Click Image to Reach Voting Page.

Click Image to Reach Voting Page.
Click Image to Reach Voting Page.

Tuesday, March 26, 2013

The Spider Man-Ed Winiarski-1954



I'm sure Pappy or Karswell or someone online has printed this but when I saw it I couldn't pass it up. Marvel's (well, Atlas's) FIRST version of a "Spider Man," this from nearly a decade earlier than Peter Parker! The main character here actually looks like Ditko's Tinkerer character! Joe Maneely illustrated the cover which I've added after the story. 





2 comments:

  1. As a service to those who fear giant spiders, I often make a point of explaining that such are, happily, an impossibility on Earth.

    The strength of materials is basically a function of cross-sectional area, and this grows as the square of linear dimension. But the mass (and hence weight) of material is a function of volume, which grows as the cube of linear dimension. A big spider is less structurally sound. For example, a fall from a desktop onto a hard floor is usually enough to mortally wound a tarantula. And bigger spiders would have great trouble just hauling-around their own weight.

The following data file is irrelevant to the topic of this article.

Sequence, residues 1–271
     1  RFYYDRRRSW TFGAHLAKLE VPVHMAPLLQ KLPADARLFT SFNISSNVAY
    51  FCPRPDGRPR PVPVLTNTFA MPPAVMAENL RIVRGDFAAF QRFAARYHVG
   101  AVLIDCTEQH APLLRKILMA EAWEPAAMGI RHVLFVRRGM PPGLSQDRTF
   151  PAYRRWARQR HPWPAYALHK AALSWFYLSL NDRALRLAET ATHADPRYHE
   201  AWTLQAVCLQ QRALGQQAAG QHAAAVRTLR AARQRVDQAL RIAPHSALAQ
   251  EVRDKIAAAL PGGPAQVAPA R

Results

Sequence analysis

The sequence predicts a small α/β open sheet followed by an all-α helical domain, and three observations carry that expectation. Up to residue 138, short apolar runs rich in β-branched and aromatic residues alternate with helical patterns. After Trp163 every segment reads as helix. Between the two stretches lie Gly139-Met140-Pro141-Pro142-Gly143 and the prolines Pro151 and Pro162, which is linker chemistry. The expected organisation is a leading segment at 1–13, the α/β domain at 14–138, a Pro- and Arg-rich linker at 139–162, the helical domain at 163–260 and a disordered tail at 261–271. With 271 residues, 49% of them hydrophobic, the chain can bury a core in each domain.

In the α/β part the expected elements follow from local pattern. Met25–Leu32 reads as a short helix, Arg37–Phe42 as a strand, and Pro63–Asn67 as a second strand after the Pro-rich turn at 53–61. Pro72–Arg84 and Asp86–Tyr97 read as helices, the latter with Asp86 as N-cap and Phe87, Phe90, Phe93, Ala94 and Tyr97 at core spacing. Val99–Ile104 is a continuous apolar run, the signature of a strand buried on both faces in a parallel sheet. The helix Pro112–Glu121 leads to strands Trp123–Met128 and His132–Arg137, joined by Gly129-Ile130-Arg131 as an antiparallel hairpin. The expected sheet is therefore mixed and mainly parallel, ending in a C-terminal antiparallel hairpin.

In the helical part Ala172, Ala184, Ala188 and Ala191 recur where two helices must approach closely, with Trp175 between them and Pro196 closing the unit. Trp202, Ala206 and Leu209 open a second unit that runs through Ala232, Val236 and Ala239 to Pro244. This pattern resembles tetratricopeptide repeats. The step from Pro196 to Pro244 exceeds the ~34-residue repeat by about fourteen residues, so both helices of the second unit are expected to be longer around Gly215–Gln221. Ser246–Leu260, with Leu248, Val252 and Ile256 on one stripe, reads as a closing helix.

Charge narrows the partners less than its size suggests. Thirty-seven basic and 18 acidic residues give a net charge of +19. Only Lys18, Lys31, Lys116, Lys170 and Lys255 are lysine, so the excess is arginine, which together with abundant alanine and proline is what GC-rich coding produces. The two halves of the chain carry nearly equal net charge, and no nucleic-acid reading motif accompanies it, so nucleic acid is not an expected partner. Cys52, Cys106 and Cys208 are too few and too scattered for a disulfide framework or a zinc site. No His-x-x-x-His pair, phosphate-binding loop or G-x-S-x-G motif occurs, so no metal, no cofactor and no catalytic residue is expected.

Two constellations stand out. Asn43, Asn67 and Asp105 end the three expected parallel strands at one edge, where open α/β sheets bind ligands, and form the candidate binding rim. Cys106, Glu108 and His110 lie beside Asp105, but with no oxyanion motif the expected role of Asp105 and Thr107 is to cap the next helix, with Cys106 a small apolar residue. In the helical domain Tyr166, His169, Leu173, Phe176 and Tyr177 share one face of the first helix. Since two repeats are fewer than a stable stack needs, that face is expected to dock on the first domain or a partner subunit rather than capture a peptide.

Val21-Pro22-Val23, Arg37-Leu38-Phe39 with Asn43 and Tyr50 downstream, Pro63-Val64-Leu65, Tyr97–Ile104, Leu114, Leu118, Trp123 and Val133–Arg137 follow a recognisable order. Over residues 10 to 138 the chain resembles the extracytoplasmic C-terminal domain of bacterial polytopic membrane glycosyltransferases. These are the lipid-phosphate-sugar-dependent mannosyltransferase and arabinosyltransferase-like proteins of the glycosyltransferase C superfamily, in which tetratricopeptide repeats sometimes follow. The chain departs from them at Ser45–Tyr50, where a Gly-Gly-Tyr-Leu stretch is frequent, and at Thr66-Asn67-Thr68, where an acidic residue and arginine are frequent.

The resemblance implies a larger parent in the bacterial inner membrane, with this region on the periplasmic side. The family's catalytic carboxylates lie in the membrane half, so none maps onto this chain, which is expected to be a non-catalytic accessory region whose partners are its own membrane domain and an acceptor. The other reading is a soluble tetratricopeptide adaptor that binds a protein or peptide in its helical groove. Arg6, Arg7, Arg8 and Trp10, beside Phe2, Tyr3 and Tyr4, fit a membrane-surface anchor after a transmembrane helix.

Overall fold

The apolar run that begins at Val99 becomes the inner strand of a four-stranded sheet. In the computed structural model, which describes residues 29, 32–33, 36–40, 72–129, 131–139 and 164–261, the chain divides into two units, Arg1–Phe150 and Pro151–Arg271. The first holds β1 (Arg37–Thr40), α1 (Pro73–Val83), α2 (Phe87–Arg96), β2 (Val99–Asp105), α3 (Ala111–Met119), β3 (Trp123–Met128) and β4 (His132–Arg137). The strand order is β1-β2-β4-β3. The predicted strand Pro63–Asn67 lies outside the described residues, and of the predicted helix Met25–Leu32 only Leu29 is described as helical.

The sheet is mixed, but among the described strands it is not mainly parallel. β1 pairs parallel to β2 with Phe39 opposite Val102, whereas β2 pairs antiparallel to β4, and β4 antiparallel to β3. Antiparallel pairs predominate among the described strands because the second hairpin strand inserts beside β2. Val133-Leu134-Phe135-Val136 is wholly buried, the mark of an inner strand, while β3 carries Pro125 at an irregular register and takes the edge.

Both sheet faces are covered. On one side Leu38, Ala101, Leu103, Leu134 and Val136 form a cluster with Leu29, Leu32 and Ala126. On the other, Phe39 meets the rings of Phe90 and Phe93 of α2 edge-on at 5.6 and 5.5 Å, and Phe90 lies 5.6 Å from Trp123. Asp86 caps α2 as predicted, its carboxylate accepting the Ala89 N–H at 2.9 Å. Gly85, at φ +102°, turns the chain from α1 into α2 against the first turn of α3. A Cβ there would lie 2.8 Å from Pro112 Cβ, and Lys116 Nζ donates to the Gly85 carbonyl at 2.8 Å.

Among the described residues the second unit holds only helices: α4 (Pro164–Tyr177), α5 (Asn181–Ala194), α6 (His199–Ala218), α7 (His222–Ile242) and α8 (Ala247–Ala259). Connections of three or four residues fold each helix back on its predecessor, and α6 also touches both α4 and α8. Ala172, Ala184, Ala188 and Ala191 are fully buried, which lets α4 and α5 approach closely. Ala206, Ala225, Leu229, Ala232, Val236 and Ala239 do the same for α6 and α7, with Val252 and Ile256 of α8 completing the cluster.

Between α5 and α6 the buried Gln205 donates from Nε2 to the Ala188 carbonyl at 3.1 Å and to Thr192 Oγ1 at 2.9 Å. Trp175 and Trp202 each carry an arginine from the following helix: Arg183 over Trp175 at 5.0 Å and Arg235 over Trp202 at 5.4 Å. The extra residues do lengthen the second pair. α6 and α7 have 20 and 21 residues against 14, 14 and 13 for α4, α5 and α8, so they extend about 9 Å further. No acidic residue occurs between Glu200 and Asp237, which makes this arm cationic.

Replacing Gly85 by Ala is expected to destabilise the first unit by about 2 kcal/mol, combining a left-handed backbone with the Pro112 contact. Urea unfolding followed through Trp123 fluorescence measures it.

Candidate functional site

But even before they hit the limits imposed by that issue, spiders as we know them would suffocate if they were somehow increased in size. They use a system of respiration that doesn't scale-up as well as do lungs. (In a time before Pappy walked the Earth, when the atmosphere was richer in oxygen than it is now, spiders got rather bigger than they do now.)

    ReplyDelete
  2. I know this sounds weak, but before I read Daniel's remark that invoked my name and advanced age, I was about to comment that spiders are smaller now because of less oxygen content in the atmosphere. (I saw it recently on TV.) And I live in the mountains, so the air is thinner anyway.

    So how come when Mrs. Pappy sees a spider it is suddenly (to her) "as big as a fist"? A spider doesn't have to be big in actuality to be big in someone's fearful imagination.

    P.S. Maybe Karswell showed the story at one time. It's a fun story, but unfamiliar to me.

    ReplyDelete